Azerbaijan Doubles Down on Religious Freedom

06/29/2021 Azerbaijan (International Christian Concern) – This past month Azerbaijan’s President and National Assembly passed new Religion Law and Administrative Code regulations which placed tighter restrictions and oversight on the rights and affairs of religious communities. Included amongst these revisions is a requirement for all non-Islamic religious leaders to be approved by the State Committee for Work and Religious Organizations. Spokesperson for the Russian Orthodox Diocese, Fr Konstantin Pominov, explained, “The appointment will have to be agreed with the Sheikh [Allahshukur Pashazade of the Muslim Board], the President [Ilham Aliyev] and the Patriarch [Kirill of the Russian Orthodox Church].”

Composed in secrete by the President’s office with no public consultation, debate, or scrutiny, such amendments to the law that have such a profoundly negative effective upon the lives of Azerbaijan’s religious communities “violate all international standards” according to human rights defender Rasul Jaforov. Even for Azerbaijan’s Muslim majority, state control is heavy handed as no Muslim cleric is allowed to hold religious services outside of the official approval process, and mosques are closed until they are appointed a replacement. For religious communities without a “religious centre”, they are banned from granting religious titles to clergy entirely, along with establishing religious educational institutions, or organizing pilgrimages abroad. No pathway is provided for religious communities without a “religious centre” on how to obtain one.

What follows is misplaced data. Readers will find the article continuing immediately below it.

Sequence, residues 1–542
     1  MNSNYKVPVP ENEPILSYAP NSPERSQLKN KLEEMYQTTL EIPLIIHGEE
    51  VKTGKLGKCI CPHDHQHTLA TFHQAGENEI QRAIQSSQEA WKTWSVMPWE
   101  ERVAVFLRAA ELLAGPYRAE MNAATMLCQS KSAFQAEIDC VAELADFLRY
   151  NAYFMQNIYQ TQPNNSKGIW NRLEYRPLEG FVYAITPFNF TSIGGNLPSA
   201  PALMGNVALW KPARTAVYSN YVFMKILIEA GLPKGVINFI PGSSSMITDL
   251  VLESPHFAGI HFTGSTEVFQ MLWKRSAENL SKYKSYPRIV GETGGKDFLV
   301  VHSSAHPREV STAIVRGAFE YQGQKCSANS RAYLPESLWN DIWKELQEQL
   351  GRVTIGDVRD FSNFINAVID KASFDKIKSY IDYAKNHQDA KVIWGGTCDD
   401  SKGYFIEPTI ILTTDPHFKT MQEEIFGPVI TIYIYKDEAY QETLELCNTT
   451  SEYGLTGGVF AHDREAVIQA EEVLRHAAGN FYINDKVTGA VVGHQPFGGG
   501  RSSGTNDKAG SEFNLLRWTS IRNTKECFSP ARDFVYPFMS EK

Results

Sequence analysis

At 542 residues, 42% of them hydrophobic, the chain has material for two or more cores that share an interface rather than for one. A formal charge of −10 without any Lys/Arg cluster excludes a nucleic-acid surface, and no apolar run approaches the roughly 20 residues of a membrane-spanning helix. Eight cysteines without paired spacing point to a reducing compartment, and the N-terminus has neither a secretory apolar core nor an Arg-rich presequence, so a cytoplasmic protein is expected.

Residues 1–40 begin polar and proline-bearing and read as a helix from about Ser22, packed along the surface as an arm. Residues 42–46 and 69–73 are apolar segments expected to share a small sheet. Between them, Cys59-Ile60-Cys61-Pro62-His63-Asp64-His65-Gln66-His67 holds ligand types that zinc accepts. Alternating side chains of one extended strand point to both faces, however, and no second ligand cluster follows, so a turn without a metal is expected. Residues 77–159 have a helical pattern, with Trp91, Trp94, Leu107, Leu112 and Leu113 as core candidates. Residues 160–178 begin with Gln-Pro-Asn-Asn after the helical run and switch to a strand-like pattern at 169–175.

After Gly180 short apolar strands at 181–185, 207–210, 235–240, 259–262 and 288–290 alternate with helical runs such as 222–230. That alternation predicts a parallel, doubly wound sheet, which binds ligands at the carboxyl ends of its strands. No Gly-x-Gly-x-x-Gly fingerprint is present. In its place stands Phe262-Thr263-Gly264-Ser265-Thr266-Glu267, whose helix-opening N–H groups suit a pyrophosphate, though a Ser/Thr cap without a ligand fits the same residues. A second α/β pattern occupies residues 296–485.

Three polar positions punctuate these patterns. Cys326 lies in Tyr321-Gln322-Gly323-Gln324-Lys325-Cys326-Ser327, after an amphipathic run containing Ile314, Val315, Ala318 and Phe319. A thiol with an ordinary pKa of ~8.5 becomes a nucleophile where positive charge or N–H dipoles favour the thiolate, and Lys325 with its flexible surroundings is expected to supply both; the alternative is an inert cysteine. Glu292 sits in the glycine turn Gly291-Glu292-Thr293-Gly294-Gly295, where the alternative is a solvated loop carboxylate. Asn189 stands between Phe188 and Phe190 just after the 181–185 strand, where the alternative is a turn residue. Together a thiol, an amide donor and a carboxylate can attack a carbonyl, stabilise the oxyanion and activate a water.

These new regulations build upon an already highly restrictive framework governing religious freedom in Azerbaijan. Human rights defender Elshan Hasanov explains, “as usual, all these amendments have a restrictive character, the result: pilgrimages – only with permission; mass religious rituals – only with permission; religious education – only with permission; literature – only with permission.” Greater control of what the state views as a potential security liability seems to be the aim of President Aliyev’s regime that has traditionally treated religious communities with suspicion. According to lawyer Subhan Hasanli, “this amounts to the installation of a new, state-centred religion.”

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